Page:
“I used to approach the TV show with the perspective of I have to prove how smart I am to the audience every single day. Now I approach it as our entire goal is to put on a show that people smile while they are watching and have a good time and that has enough meat to it where it is not all empty calories. There’s got to be the information, there’s got to be the analysis, but there’s also got to be a lot of bells and whistles and funny stuff and guys messing with each other and that’s what works. That took me a while to figure out.”
The only time when Wright didn’t think he had to prove how smart he was when he first appeared on TV was when he would appear on The Herd as Cowherd’s guest and he had a goal in mind whenever he would appear on the show.
“Early in our relationship, I was really, really trying to impress you and I wanted to make you laugh. Every time I came on, I was like ‘It’s successful if I made Colin laugh’. I was too stupid to realize I should just be trying to make the audience laugh, too… That was the best version of me at the time. I felt like you knew I was smart, so I wasn’t trying to prove it to you. I could be the best version of myself.”
While Wright knows he is not a traditional broadcaster, he mentioned to Cowherd that there is one skill set he definitely knows he has.
“The point is I’m not a great broadcaster, like a traditional broadcaster. I can’t read off a teleprompter, but there is a specific thing I can do, which is confidently argue, whether it’s 1-on-1 with my wife or in front of a million people.”
Even though Wright got cut from doing play-by-play at Syracuse, he told Cowherd he was doing talk shows at the station still and it led him to where he is today.
“I was fortunate that I was already working on the talk-show staff. Growing up, I thought I wanted to do play-by-play, but what I wanted to do was color commentary. I would watch the NBA on NBC with Bob Costas, Bill Walton, and Steve ‘Snapper’ Jones and what I wanted to do was the color, but I didn’t realize you can’t do that unless you are a former player or a former coach. They aren’t hiring me to do commentary
“I was crushed, but it made me fully pivot to talk shows. Now at WAER, the talk show studio is named after me and my picture is on the wall. I am a Hall of Famer there. Bob Costas, Marv Albert, Nick Wright, those are the three studios there.”
Ricky Keeler is a reporter for BSM with a primary focus on sports media podcasts and national personalities. He is also an active podcaster with an interest in pursuing a career in sports media. You can find him on Twitter @Rickinator555 or reach him by email at RickJKeeler@gmail.com.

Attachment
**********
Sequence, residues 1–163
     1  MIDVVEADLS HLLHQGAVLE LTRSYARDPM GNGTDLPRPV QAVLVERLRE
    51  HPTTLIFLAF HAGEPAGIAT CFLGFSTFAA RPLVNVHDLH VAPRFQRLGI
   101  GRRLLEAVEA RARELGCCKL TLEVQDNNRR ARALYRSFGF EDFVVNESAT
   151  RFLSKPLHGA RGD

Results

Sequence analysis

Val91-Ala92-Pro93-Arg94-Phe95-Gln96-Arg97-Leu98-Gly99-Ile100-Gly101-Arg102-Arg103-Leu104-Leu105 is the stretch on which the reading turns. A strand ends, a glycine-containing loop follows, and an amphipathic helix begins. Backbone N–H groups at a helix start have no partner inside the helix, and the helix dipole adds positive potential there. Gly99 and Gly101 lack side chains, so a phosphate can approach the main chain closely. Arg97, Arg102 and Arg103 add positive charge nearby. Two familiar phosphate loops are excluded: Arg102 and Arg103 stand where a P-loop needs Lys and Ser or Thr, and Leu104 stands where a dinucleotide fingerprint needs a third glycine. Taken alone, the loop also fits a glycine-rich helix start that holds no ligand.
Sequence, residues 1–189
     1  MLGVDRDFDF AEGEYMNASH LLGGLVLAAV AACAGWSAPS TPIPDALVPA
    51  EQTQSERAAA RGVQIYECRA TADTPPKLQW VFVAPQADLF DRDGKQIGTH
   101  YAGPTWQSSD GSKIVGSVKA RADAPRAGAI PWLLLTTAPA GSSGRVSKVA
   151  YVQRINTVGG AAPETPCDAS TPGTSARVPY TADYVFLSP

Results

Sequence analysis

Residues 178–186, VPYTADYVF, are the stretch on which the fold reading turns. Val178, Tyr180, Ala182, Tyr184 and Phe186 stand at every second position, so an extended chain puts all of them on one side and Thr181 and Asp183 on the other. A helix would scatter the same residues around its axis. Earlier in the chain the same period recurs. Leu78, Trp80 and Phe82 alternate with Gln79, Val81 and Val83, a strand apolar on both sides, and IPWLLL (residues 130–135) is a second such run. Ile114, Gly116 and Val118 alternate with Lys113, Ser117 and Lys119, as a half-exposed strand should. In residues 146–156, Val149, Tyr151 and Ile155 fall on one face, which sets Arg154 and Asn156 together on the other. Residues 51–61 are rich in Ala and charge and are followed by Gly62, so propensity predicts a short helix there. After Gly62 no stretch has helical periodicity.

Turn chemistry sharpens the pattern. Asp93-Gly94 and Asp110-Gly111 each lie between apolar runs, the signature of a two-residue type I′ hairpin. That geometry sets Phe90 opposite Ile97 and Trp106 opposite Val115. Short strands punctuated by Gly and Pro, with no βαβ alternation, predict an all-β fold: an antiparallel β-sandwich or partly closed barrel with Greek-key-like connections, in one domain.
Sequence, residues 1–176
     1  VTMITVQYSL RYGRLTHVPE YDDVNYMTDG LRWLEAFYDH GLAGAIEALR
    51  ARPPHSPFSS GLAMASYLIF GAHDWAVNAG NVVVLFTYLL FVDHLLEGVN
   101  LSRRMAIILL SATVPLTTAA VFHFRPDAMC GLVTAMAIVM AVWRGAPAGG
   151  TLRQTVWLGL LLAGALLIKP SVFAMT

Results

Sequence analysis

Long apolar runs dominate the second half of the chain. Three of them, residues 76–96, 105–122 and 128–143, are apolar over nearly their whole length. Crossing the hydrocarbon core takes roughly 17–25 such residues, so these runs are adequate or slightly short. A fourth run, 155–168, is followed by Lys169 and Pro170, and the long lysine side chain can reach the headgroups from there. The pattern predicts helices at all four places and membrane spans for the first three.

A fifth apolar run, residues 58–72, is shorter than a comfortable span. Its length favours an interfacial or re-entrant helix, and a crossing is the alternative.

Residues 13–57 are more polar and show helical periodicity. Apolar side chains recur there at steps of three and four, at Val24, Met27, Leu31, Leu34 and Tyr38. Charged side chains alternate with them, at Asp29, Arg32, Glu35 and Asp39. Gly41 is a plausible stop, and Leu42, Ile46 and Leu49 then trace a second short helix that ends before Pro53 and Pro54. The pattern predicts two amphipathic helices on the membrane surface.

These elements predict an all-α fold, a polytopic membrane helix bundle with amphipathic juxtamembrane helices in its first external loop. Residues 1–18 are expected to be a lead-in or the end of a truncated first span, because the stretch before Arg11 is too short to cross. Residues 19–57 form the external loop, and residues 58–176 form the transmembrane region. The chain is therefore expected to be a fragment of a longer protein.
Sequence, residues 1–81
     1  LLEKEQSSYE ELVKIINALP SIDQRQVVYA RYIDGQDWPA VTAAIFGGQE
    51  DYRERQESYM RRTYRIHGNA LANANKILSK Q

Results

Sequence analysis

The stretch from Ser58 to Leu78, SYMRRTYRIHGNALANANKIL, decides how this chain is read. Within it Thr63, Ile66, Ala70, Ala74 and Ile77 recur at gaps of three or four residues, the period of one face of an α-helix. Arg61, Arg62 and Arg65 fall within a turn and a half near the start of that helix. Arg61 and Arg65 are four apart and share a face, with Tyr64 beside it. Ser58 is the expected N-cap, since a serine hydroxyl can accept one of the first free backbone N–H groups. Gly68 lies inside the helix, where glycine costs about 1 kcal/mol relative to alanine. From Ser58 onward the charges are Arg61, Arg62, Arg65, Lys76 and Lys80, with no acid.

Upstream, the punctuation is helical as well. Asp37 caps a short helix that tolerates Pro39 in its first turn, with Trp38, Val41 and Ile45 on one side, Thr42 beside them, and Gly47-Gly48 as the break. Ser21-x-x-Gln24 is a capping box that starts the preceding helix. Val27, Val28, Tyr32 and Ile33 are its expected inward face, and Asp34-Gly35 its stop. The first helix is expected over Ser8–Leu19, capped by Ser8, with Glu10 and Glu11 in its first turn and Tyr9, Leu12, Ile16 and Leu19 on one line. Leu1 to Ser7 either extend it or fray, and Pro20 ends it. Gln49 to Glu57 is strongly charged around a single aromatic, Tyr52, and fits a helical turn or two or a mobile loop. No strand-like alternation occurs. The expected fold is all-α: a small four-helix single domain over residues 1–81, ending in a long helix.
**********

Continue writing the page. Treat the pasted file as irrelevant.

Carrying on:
Outside the Lines Won’t Return to ESPN Weekend Schedule
The show, which debuted in 1990, aired as a daily show from 2003 to 2019 and aired a Sunday-edition from 2000 to 2017.
ESPN has decided to not return Outside the Lines to its weekend lineup, ending the show’s linear television run.
A report from John Ourand of Sports Business Journal claims ESPN told OTL staffers that the show wouldn’t return to the network after the Super Bowl.
The show, which debuted in 1990, aired as a daily show from 2003 to 2019 and aired a Sunday-edition from 2000 to 2017. Outside the Lines was often regarded as the “moral compass” of ESPN, and was often the source of some of the more investigative reporting employed by the network.
Outside the Lines — which was airing at 9:00 AM on Saturday mornings — averaged 303,000 viewers in the timeslot. Meanwhile, SportsCenter: AM has seen an average audience of 572,000 in the same window.
The Outside the Lines brand will continue being utilized during the Noon ET SportsCenter, as well as ESPN digital platforms, including the network’s YouTube page.
Jeremy Schaap will continue to host the Outside the Lines segments during SportsCenter, but will also be the host of a new iteration of The Sports Reporters that will air on ESPN’s YouTube channel. Schaap’s father, Dick, was the host of the ESPN Sunday morning program from 1988 until his death in 2001. The show aired on ESPN from 1988 to 2017.
CBS: Calling Meeting With Tony Romo ‘Intervention’ is ‘Complete Mischaracterization’
“We meet regularly with our on-air talent.”
An opening question in broadcasting circles is ‘What happened to Tony Romo?’, with even CBS reportedly pondering the issue.
During The Marchand and Ourand Sports Media Podcast earlier this week, The New York Post’s Andrew Marchand claimed CBS attempted “an intervention” with its lead NFL analyst.
The intended mission of several alleged meetings with CBS Sports Chairman Sean McManus and CBS NFL producer Jim Rikhoff was to return Romo to his previous heights, which were widely regarded as the best NFL analyst in the business.
CBS Sports has responded to the insinuation that the meetings would be classified as an “intervention” with a strong denial.
“To call this an intervention is a complete mischaracterization, we meet regularly with our on-air talent,” CBS Sports spokeswoman Jen Sabatelle told Marchand.
Marchand added that CBS Sports officials plan to attempt to rectify the issues it sees with Romo again this offseason. Romo — who signed a 10-year, $180 million contract with CBS Sports in 2020 — is slated to call Super Bowl LVIII in 2024 with Jim Nantz.